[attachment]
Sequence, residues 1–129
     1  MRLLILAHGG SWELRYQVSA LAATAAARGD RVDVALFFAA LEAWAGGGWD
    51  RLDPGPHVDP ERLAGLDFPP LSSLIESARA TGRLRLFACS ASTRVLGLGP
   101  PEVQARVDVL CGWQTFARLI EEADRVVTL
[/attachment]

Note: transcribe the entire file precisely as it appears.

Sequence, residues 1–129
     1  MRLLILAHGG SWELRYQVSA LAATAAARGD RVDVALFFAA LEAWAGGGWD
    51  RLDPGPHVDP ERLAGLDFPP LSSLIESARA TGRLRLFACS ASTRVLGLGP
   101  PEVQARVDVL CGWQTFARLI EEADRVVTL